Gorillaz - The Now Now

Neither Gorillaz nor this album need much of an introduction. At first this album felt like the off-album slump that Gorillaz typically put out (e.g., G-Sides, The Fall), but after a few listens the track Tranz hooked me. The rest of the album started to grow on me after and it's definitely solid—even if it starts to taper off towards the end.

Guerilla Toss - Twisted Crystal

Another consistently weird offering from Guerilla Toss, but still quite good. GT Ultra was definitely a bit weirder (in a good way), but I still recommend this one for fans. It's also probably a good intro point for the band as well, being less dissonant than some of their other offerings.

Hot Snakes - Jericho Sirens

I haven't been a huge Hot Snakes fan historically, but this one is a ripper. Unrelenting from start to finish and solid quality throughout.

Santigold - I Don't Want: The Goldfire Sessions

Quite uncharacteristic for Santigold, I Don't Want follows right on the heels of last year's 99 Cents. It's not as lyrically haunting as the previous record, but I still quite enjoy it.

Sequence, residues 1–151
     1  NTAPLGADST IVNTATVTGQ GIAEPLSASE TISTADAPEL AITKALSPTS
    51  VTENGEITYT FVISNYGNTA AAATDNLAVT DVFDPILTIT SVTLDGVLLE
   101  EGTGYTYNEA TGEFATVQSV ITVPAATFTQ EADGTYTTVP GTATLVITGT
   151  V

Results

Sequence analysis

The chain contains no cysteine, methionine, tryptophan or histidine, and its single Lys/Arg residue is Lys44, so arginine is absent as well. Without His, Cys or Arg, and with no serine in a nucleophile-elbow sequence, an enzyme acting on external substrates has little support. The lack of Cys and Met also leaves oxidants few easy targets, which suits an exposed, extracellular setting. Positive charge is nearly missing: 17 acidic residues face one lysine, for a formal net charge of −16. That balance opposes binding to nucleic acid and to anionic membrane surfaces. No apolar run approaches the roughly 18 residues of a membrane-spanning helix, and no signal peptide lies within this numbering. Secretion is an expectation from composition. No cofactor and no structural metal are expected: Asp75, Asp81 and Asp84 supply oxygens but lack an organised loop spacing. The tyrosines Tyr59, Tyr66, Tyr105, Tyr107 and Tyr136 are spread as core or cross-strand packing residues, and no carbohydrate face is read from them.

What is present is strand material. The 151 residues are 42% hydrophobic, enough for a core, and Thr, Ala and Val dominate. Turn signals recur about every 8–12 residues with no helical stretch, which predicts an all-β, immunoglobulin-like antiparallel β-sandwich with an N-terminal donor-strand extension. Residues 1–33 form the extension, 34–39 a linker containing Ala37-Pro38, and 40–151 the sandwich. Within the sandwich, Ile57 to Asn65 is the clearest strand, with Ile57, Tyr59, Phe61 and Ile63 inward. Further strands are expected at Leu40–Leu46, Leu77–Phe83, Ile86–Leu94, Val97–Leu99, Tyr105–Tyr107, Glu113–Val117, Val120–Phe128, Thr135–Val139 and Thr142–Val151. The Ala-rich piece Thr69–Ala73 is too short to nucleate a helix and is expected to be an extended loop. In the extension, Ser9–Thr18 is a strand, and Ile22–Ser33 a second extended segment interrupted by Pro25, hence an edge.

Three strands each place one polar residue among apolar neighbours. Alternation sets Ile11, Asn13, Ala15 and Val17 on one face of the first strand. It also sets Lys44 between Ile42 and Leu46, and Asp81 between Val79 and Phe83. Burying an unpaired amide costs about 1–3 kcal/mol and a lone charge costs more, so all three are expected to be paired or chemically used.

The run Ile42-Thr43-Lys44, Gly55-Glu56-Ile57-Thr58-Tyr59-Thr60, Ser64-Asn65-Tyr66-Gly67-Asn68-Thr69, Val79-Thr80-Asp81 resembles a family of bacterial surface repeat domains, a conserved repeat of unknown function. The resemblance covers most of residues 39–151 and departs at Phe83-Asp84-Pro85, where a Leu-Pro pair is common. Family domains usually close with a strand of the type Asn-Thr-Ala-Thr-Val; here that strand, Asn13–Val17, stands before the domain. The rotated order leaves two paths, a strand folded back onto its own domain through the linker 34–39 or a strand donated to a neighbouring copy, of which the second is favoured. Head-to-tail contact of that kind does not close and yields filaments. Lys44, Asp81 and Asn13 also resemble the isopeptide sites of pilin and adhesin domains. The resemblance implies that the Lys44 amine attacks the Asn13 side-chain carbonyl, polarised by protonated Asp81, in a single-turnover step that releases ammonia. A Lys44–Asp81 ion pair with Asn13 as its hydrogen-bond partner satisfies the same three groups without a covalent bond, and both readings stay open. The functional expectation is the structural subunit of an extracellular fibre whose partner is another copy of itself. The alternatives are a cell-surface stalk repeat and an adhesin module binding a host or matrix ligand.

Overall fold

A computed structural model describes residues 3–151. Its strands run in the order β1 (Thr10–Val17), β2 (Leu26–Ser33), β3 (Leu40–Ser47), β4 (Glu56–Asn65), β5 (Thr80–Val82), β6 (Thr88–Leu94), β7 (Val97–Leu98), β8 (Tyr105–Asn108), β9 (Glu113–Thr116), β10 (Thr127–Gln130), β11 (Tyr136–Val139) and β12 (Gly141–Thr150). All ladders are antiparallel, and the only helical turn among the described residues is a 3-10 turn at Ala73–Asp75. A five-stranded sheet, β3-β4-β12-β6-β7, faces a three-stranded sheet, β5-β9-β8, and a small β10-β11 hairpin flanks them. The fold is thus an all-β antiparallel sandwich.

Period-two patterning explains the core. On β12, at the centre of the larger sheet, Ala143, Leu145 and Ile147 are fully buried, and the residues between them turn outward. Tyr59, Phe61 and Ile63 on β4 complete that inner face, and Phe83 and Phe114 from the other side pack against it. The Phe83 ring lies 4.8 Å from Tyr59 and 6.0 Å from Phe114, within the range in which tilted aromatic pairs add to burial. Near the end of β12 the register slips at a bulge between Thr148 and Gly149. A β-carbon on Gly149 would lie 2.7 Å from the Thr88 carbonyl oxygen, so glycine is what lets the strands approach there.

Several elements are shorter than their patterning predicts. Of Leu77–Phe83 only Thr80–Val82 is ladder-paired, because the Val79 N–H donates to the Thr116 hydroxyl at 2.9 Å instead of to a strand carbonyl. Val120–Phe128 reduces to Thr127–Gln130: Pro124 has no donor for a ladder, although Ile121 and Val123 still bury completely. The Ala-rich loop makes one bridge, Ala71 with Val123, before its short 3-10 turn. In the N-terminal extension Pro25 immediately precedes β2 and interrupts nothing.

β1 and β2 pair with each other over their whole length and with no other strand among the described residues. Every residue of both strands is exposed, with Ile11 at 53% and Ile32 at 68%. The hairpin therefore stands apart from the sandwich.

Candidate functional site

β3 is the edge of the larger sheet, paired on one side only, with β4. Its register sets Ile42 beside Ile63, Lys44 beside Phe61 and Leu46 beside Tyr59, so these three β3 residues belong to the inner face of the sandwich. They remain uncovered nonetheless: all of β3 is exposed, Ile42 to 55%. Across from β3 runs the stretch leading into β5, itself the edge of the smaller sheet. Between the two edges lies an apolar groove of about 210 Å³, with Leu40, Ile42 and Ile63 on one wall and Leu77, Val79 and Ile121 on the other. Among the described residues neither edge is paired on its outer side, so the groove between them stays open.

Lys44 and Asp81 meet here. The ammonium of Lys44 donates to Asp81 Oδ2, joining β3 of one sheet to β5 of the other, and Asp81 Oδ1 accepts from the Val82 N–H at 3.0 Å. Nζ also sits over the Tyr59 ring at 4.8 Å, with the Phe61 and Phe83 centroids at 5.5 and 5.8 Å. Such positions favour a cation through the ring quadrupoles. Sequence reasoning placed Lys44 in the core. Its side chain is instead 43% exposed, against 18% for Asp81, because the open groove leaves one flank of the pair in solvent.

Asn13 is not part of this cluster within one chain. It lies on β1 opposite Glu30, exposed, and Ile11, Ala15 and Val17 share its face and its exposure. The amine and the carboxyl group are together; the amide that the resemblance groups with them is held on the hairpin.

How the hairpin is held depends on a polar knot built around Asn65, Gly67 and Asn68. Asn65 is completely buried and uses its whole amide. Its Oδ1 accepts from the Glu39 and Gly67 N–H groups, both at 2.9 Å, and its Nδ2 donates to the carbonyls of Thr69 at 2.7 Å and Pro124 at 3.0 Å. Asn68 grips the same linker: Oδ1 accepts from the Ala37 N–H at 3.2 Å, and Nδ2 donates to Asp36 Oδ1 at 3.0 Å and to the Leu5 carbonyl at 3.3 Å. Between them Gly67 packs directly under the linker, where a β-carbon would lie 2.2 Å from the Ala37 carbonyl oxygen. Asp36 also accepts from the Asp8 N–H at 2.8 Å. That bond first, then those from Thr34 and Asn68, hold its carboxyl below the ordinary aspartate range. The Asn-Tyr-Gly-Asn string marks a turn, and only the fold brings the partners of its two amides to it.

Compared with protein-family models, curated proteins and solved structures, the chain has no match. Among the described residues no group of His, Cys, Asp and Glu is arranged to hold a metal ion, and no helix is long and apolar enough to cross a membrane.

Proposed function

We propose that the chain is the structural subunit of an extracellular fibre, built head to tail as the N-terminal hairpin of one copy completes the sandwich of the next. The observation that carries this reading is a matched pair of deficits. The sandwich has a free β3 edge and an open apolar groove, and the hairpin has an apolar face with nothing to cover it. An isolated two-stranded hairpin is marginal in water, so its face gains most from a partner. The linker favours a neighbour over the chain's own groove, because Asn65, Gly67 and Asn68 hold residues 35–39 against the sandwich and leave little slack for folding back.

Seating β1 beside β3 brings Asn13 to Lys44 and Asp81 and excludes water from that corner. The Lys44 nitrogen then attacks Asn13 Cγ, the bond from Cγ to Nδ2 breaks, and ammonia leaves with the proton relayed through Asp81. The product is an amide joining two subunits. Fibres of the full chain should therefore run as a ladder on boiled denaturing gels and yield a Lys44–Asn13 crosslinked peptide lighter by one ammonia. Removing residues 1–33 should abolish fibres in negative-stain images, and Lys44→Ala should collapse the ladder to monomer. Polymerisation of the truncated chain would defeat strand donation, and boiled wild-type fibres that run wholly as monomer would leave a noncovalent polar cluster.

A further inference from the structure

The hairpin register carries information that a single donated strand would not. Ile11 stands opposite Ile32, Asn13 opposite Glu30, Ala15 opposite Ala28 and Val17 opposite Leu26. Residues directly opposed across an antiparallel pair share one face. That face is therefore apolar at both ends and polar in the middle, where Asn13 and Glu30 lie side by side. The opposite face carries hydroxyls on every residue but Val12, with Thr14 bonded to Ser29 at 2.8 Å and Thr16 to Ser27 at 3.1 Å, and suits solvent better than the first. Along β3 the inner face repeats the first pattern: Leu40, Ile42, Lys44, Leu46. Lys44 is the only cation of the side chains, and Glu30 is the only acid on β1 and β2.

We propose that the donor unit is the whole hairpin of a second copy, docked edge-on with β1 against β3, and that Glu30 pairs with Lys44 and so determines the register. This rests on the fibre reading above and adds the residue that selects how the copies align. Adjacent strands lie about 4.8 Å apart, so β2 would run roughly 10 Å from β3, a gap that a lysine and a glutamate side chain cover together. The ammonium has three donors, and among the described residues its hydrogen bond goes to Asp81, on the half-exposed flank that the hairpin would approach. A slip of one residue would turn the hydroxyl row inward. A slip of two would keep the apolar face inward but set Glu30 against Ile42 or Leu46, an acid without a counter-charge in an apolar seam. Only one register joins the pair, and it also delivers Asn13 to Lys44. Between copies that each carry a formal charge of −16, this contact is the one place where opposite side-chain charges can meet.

Ursa - Abyss Between the Stars

Ursa was a recommendation from a co-worker, and it's a good one at that. The tracks can be a bit long (topping out at 10 minutes 16 seconds), but what a stellar release Abyss… is. Heavy, but in a way that's laden with texture. There's just such a sense of gravity and restrained energy throughout that is unleashed at the perfect moment.

Viagra Boys - Street Worms

If you can't tell from the name and album title, these guys just ooze punk attitude and delight in a contrarian position. I first heard their track Sports, which borders on novelty track, but remains fun nonetheless. Raspy vocals aside, it's not overly punky in presentation, the record leans more heavily on post-punk and dance rhythms. I'm interested to see where this band goes.